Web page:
With this resurgence, another phenomenon began to occur. The price of works by great masters and from the post-war period had reached such exorbitant sums - if they could be found available - that collectors realized it was more profitable to acquire high-quality contemporary art than mediocre pieces by great masters. As the 2000s progressed, artists like Damien Hirst, Maurizio Cattelan, and Andreas Gursky reached prices that were previously only seen in works by deceased artists. Artists whose works reached or exceeded one million dollars were dubbed "Blue Chip," just like costly but safe investments in the stock market. This term was applied not only because of their high price but also because they offered greater liquidity, something extremely unusual in the art world.
Thus, we can observe how the art market resembles a lava lamp whose substance rises, splits in two, and then the one that descended rises again, repeating this cycle over and over. The current scenario of the art market closely resembles those years. Fortunately, many lessons have been learned from past mistakes, which has kept the market stable and even in constant growth.
However, a few years ago, something similar happened: famous rappers, reggaeton artists, actors, influencers, and others began to showcase works by artists on social media. The artists themselves started gaining followers and becoming influencers, and thus, artists like KAWS were in the spotlight in 2019, representing fresh and fun art that everyone wanted to own. Many could buy collectible pieces, such as art toys, which were relatively "affordable." However, the market for KAWS has experienced a significant decline today, and like him, there are many others.
The article "What Happened to KAWS?" published last year on the MutualArt portal, states that according to their data, 1764 lots of KAWS were auctioned in 2021, more than ever before, flooding his market, as 80% of his works sold for less than $10,000 USD. Strong! Because that 80% represents less than 5% of its total value in the secondary market. That's why he sold almost 50% more works in 2021 than in 2019, not even reaching a third of the total value, since in 2019, more than 20 of his works were sold for over a million dollars.
On the other hand, information about art is no longer limited to museums and schools, but has spread in such a way that today there are countless YouTube channels, podcasts, and profiles on TikTok and Instagram dedicated to art. Some are more informative than others, but ultimately, a generation of more informed (not necessarily knowledgeable) people has been created, and therefore, they are more willing to demand that the language of art become more accessible and explained in understandable terms for everyone. That is, from the professionalization I mentioned earlier in the nineties, especially regarding curators, a decrease in the pompous language of art is now expected, since museums have had to adapt to the expectations of a more diverse, demanding audience, and yes, perhaps less academically inclined.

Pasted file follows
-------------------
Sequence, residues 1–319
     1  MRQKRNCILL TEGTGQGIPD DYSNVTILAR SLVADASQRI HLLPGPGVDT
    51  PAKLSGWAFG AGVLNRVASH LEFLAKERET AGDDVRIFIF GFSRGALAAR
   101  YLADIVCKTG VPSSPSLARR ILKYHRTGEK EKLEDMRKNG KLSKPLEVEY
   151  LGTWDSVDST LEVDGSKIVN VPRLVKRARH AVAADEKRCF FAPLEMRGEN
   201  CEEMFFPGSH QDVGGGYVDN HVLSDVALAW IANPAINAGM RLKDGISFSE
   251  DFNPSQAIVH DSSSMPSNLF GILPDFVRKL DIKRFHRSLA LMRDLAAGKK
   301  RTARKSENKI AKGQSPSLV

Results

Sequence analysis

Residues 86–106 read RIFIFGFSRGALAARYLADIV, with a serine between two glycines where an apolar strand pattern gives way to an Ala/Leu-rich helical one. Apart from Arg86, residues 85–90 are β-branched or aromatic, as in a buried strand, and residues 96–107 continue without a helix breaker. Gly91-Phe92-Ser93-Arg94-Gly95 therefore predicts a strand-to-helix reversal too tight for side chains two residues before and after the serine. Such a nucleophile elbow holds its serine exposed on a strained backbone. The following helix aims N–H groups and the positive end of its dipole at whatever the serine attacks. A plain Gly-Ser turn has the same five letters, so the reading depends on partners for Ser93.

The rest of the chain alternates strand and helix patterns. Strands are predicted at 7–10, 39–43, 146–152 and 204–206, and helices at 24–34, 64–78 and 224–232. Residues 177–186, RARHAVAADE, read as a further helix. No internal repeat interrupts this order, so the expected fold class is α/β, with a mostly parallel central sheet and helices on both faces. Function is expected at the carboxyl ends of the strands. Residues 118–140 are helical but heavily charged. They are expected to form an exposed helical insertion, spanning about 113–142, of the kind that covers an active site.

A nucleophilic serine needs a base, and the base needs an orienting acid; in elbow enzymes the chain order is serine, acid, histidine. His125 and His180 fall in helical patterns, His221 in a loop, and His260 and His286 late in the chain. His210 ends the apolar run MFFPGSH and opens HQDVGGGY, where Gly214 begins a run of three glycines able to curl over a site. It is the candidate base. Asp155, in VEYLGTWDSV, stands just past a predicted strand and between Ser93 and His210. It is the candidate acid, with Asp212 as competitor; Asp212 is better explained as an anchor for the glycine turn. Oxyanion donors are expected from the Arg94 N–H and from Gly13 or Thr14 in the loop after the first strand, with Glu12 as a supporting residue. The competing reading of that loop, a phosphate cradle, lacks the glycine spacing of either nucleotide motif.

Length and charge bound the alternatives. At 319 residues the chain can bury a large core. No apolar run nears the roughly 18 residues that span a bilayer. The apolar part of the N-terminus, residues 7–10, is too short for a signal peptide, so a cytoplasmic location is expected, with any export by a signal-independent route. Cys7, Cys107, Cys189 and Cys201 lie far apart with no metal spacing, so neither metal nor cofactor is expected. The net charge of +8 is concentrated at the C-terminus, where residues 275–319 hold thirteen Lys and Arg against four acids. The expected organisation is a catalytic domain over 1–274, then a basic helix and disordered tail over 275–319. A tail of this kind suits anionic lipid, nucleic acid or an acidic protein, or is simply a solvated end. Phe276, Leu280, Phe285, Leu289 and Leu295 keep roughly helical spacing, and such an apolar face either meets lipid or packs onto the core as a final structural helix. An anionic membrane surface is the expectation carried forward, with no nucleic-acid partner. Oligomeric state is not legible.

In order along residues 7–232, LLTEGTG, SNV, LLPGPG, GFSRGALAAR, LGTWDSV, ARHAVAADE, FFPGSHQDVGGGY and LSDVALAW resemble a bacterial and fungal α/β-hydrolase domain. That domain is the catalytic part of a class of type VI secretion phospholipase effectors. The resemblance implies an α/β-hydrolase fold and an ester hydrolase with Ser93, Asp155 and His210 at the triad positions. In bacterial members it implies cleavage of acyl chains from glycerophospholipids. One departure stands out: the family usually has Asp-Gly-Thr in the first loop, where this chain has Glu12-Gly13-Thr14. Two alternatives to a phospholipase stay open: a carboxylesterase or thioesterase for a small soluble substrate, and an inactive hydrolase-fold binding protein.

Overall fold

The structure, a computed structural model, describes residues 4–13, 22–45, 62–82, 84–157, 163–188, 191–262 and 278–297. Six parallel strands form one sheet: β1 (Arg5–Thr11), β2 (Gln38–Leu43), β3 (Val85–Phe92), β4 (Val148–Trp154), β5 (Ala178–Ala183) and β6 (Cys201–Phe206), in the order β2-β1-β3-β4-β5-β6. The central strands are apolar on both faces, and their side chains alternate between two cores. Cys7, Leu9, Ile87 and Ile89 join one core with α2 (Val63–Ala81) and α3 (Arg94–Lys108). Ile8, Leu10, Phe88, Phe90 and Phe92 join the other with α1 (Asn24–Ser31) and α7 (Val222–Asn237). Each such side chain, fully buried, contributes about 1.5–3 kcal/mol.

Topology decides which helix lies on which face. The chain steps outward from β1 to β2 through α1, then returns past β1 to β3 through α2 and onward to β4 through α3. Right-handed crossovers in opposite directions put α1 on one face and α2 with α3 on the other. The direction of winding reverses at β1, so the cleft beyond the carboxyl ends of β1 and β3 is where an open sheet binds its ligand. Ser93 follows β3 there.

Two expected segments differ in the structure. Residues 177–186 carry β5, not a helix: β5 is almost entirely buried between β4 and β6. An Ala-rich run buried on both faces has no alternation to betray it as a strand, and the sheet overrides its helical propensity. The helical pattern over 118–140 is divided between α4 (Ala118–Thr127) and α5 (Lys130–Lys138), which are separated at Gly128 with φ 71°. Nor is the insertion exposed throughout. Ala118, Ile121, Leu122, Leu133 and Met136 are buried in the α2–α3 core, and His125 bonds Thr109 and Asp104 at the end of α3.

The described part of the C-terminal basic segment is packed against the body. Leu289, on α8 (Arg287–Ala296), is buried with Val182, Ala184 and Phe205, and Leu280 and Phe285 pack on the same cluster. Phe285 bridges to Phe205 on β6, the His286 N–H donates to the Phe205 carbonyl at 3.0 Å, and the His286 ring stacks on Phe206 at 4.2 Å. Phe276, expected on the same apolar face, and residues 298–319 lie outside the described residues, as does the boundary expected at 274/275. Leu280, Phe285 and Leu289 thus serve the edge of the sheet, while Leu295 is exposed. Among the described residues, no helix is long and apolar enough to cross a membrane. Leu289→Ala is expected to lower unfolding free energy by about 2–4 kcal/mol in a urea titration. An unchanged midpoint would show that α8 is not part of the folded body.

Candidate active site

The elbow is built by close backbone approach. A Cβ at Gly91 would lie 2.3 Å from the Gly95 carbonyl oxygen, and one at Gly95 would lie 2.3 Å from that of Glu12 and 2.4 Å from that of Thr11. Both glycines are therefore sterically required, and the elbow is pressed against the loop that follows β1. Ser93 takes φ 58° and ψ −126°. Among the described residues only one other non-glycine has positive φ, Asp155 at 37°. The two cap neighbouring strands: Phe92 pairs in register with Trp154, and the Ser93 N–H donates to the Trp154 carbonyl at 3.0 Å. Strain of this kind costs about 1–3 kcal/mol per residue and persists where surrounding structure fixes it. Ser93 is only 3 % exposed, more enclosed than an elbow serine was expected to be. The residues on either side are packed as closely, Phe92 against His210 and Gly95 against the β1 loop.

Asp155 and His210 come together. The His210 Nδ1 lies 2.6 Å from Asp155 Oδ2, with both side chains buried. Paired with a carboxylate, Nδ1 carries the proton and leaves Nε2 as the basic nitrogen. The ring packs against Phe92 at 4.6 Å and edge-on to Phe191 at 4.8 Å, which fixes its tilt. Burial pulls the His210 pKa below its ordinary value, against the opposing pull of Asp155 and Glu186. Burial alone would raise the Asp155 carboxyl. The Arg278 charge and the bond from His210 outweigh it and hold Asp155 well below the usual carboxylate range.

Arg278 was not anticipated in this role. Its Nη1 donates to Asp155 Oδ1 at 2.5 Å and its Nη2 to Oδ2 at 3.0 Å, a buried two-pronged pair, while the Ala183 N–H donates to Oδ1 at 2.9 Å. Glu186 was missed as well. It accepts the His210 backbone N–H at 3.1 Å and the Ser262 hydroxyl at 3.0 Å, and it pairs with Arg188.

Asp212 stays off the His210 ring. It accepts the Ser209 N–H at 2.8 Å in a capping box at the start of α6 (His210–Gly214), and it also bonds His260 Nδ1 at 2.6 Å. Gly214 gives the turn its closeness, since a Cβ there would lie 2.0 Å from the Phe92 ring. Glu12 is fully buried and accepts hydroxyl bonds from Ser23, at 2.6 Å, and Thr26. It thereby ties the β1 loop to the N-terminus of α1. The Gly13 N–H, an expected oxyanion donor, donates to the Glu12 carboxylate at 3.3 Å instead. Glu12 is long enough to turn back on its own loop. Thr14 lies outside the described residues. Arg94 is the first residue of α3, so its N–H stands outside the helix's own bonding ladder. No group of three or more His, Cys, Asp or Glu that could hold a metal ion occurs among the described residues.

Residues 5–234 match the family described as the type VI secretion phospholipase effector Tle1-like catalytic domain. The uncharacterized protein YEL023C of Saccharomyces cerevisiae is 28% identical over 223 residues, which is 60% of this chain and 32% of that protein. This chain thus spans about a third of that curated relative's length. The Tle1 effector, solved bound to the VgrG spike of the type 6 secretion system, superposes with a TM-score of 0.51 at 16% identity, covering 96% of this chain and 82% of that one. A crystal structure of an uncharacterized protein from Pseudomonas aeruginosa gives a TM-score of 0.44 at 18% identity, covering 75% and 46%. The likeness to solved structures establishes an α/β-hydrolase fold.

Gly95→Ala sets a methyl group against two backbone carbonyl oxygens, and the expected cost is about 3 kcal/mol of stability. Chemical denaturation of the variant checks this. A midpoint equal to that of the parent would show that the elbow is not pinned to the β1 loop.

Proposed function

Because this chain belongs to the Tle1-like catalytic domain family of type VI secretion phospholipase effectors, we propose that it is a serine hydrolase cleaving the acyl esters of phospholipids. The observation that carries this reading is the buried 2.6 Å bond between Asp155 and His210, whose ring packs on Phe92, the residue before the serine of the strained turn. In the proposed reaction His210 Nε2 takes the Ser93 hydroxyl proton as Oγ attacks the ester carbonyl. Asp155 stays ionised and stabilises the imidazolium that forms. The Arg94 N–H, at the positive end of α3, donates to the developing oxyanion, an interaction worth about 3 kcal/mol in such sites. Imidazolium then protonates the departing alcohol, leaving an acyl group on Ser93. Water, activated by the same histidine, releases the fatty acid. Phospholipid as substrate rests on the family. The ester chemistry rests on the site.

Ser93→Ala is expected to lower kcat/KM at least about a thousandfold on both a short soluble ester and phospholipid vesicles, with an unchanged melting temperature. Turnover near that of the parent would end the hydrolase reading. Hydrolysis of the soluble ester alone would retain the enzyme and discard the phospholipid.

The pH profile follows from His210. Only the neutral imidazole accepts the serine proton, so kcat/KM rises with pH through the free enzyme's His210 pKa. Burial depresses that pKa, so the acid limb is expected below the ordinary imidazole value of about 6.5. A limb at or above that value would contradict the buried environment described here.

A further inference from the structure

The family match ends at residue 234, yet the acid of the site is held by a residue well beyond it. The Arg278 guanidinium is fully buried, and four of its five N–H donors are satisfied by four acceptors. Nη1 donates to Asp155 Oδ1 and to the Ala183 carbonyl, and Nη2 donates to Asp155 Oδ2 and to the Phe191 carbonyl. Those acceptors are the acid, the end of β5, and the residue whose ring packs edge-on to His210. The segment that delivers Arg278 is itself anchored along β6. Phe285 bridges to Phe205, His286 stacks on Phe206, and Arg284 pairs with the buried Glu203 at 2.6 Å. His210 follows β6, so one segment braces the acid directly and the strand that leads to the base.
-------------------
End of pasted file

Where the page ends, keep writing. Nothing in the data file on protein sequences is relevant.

So, similarly to how in the nineties the figure of the curator gained prominence (having started to take shape two decades earlier), a relevant professional profile emerged in the field of the arts: The mediator. This audience specialist focuses on audience analysis and the creation of content aimed at facilitating the understanding of exhibitions. Although mediation began to develop in the nineties, it wasn't until a little over a decade ago that it began to establish itself as a highly specialized and fundamental education department within museums.
Likewise, the phenomenon of the stockbroker advisor from the eighties repeats itself in the form of an influencer advisor, who also doesn't guide the collector to make good decisions, and this is reflected in passing trends, like KAWS, precisely. Although there are also good advisors who nowadays continue to work from art, with the difference that they now understand much more about the financial spectrum; the trick is to know how to recognize them.
Lastly, the effect of the lava lamp repeats itself also with established contemporary artists, plus those who were starting to be considered Blue Chip in those years and who today are simply unattainable. Just as they stopped chasing great masters at the time, today reports indicate that novice collectors prefer to invest in a good Ultra-Contemporary artist (artists under 40 years old) than in a small and insignificant edition or piece by Damien Hirst, Takashi Murakami, or Jeff Koons. With all these parallels and similarities, I wonder: Could this be a new Great Boom?